Venturing outdoors may become deadly across wide swaths of India, Pakistan and Bangladesh by the end of the century as climate change drives heat and humidity to new extremes, according to a new study.
These conditions could affect up to a third of the people living throughout the Indo-Gangetic Plain unless the global community ramps up efforts to rein in climate-warming carbon emissions. Today, that vast region is home to some 1.5 billion people.
“The most intense hazard from extreme future heat waves is concentrated around the densely populated agricultural regions of the Ganges and Indus river basins,” wrote the authors of the study, led by former MIT research scientist Eun-Soon Im, now an assistant professor at the Hong Kong University of Science and Technology.
While most climate studies have been based on temperature projections, this one — published Wednesday in the journal Science Advances — is somewhat unique in also considering humidity as well as the body’s ability to cool down in response.
Those three factors together make up what is called a “wet-bulb temperature,” which is the air temperature taken when a wet cloth is wrapped around the thermometer. It is always lower than the dry-bulb temperature — how much so depends on the humidity. It can help estimate how easy it is for water to evaporate.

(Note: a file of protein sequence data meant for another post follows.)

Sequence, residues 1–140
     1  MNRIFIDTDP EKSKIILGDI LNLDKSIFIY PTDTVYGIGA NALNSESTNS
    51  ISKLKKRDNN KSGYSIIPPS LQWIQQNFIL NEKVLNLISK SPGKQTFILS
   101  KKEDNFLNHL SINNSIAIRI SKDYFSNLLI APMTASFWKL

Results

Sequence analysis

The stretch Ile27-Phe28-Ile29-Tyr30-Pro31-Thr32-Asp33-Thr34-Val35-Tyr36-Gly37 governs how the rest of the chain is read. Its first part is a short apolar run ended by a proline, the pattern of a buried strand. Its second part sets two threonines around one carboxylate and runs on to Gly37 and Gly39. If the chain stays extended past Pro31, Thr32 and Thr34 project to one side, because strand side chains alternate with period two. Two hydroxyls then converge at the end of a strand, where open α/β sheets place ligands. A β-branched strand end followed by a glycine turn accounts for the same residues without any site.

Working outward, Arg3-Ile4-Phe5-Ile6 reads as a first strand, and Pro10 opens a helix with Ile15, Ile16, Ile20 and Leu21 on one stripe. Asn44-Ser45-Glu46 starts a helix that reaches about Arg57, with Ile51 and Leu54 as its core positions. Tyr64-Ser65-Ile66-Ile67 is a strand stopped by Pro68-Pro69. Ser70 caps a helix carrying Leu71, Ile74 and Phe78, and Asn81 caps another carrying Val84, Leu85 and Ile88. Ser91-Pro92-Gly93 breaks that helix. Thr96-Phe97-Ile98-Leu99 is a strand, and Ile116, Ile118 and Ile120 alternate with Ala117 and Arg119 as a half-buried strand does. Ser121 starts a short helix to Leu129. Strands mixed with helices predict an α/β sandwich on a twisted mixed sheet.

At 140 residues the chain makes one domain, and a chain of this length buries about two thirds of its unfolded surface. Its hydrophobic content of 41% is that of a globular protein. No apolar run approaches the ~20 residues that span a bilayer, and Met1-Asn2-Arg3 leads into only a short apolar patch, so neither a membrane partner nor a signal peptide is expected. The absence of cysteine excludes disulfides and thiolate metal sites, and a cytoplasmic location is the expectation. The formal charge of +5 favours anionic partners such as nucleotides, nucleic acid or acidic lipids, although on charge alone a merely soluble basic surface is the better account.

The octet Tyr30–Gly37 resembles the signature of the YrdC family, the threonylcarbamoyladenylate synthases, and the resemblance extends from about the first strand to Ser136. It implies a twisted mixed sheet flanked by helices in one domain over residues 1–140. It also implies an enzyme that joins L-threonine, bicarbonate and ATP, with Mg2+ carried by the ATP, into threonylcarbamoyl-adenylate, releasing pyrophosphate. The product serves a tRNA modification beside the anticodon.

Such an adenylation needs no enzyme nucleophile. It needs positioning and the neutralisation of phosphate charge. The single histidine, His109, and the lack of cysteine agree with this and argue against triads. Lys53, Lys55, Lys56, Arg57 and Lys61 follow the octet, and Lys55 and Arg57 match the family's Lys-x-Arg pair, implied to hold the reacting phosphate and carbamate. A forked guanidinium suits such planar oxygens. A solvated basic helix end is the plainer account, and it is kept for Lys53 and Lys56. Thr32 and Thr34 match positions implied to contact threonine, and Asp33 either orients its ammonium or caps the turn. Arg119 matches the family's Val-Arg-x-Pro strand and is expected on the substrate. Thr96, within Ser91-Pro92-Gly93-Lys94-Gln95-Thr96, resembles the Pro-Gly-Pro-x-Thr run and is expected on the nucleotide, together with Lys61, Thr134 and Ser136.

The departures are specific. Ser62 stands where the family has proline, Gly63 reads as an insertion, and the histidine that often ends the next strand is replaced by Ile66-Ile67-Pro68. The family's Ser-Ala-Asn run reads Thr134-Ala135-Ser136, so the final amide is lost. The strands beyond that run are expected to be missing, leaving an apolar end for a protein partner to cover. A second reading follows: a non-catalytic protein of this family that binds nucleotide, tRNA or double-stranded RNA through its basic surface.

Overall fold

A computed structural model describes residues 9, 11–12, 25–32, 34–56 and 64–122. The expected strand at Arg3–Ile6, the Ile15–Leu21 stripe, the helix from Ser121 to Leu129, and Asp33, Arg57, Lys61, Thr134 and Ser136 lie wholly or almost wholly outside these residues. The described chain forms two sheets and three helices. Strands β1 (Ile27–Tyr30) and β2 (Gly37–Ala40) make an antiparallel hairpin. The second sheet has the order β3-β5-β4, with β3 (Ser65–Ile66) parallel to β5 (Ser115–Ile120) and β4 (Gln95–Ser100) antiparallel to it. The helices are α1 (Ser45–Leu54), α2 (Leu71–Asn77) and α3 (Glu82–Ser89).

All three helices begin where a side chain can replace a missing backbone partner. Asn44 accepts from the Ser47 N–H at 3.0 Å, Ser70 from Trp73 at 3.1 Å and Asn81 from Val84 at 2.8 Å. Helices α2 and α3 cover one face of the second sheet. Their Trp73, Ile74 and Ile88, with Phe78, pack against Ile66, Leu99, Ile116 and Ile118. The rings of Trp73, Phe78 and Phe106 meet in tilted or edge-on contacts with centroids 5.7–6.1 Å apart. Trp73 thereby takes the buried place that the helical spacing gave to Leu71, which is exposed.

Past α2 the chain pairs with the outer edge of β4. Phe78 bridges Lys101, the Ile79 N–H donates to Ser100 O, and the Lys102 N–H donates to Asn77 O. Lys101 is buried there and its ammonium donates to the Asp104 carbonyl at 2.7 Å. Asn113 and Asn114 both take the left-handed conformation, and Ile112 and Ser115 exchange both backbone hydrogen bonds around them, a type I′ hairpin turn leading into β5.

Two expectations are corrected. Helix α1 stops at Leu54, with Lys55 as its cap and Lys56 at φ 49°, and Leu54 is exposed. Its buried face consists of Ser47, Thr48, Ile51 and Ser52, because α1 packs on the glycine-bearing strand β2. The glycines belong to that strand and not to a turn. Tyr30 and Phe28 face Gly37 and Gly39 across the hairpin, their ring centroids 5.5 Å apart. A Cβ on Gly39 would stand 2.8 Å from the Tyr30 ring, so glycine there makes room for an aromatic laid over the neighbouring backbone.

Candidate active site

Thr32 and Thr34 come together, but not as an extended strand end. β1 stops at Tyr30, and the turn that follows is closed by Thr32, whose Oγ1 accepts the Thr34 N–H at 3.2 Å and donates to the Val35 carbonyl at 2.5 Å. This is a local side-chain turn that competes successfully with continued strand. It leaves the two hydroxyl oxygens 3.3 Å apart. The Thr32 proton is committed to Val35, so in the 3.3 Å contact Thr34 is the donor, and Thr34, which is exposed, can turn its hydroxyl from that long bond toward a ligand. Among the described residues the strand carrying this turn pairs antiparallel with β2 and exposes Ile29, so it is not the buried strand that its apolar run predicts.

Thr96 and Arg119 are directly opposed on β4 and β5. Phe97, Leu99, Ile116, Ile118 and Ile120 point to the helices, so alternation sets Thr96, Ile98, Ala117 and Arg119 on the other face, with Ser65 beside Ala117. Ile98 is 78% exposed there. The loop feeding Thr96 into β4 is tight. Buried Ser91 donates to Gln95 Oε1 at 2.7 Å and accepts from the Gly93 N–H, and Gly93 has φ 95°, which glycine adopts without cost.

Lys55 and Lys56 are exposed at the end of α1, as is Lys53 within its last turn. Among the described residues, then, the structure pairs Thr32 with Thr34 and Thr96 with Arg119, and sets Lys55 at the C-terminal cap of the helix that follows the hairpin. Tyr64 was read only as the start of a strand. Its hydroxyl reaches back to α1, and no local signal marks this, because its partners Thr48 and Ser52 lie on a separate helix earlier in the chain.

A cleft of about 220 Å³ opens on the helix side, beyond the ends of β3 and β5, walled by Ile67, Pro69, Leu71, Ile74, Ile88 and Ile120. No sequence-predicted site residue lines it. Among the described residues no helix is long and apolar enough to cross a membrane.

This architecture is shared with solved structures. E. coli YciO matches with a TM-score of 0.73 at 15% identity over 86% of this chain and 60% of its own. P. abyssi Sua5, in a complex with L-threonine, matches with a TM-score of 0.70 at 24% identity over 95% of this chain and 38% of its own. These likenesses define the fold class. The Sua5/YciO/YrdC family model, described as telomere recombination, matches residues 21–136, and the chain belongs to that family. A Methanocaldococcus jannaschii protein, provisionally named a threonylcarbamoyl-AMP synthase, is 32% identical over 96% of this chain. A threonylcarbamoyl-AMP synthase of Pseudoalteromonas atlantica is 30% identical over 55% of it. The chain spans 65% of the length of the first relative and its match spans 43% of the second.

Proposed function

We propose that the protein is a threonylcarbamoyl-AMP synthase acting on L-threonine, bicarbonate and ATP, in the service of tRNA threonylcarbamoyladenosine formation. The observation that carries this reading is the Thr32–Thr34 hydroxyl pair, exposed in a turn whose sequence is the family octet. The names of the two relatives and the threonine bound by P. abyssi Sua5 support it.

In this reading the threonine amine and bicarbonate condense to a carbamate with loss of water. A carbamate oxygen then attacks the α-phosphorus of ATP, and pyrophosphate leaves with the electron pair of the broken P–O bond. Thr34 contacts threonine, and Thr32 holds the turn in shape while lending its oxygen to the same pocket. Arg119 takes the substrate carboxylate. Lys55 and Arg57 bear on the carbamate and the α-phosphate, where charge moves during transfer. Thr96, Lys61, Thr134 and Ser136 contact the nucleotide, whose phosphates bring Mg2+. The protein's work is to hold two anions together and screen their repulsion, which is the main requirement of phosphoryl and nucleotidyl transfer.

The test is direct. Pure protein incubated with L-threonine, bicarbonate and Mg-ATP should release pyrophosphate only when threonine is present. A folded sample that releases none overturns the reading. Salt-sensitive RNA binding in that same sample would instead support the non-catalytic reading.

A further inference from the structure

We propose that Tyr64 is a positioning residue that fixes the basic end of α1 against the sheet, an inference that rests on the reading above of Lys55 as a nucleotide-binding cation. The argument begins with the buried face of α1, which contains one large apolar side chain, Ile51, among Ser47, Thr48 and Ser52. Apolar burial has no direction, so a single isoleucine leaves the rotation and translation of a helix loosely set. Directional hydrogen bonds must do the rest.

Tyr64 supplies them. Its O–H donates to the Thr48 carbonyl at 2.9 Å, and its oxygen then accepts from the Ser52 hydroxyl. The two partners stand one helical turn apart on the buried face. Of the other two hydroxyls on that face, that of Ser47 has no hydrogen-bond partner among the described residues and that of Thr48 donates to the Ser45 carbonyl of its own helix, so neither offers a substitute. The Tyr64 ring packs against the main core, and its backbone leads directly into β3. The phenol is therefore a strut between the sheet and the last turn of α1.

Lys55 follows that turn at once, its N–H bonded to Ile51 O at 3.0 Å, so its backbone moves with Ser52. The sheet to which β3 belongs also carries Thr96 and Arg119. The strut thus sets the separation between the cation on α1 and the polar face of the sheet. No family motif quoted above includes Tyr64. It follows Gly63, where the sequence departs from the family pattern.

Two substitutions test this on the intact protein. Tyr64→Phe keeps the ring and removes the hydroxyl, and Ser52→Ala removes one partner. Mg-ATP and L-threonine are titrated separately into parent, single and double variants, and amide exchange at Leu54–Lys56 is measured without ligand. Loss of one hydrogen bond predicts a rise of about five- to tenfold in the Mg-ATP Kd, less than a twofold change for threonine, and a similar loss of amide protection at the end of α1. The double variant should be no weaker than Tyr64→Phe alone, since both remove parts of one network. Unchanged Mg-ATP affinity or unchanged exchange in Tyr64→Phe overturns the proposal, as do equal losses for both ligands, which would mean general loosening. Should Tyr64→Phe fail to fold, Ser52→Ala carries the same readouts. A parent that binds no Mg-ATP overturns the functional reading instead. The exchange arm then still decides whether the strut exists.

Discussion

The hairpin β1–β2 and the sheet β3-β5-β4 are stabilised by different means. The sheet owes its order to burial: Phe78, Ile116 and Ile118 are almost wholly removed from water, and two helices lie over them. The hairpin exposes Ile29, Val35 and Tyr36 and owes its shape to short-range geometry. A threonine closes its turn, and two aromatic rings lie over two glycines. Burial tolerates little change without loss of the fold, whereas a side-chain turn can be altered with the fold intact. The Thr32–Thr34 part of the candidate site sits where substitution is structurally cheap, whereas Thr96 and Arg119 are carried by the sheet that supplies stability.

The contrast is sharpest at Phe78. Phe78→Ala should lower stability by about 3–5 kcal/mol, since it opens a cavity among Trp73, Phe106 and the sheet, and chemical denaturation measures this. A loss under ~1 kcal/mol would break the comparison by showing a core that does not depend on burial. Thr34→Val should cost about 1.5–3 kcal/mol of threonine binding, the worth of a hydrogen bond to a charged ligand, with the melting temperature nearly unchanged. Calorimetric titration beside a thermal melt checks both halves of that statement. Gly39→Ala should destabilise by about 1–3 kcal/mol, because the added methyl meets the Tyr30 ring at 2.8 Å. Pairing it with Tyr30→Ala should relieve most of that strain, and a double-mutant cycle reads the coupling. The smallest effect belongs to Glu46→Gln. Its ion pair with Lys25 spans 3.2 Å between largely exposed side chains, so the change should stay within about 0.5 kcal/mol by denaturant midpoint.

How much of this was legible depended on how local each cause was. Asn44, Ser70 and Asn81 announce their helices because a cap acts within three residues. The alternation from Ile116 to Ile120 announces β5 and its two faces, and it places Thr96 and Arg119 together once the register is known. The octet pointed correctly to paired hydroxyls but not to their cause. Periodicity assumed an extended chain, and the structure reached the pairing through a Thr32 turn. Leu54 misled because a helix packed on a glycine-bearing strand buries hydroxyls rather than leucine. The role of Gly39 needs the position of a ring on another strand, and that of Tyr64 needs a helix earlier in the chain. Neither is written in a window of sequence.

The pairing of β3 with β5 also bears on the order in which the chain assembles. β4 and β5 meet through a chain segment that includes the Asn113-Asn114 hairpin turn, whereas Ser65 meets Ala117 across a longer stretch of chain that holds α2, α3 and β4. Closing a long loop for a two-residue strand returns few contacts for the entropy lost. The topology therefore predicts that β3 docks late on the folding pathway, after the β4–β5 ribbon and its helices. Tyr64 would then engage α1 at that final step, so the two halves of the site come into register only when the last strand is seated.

It can also offer a gauge for where climate change might become dangerous.
Scientists say humans can survive up to a wet-bulb temperature of about 35 degrees Celsius (95 degrees Fahrenheit), beyond which the human body has difficulty sweating to cool down, or sweat doesn’t evaporate, leading to heat stroke and ultimately death within just a few hours — even in shaded, ventilated conditions.
So far, wet bulb temperatures have rarely exceeded 31 C (88-90 degrees F), a level that is already considered extremely hazardous.
“It is hard to imagine conditions that are too hot for people to survive for a more than a few minutes, but that is exactly what is being discussed in this paper,” said Stanford University climate scientist Chris Field, who was not involved in the study. “And of course, the danger threshold for punishing heat and humidity is lower for people who are ill or elderly.”
Most of those at risk in India, Pakistan and Bangladesh are poor farmworkers or outdoor construction laborers. They are unlikely to have air conditioners — up to 25 percent in of India’s population still has no access to electricity. In some areas that have been deforested for industry or agriculture, they may not even have very much shade.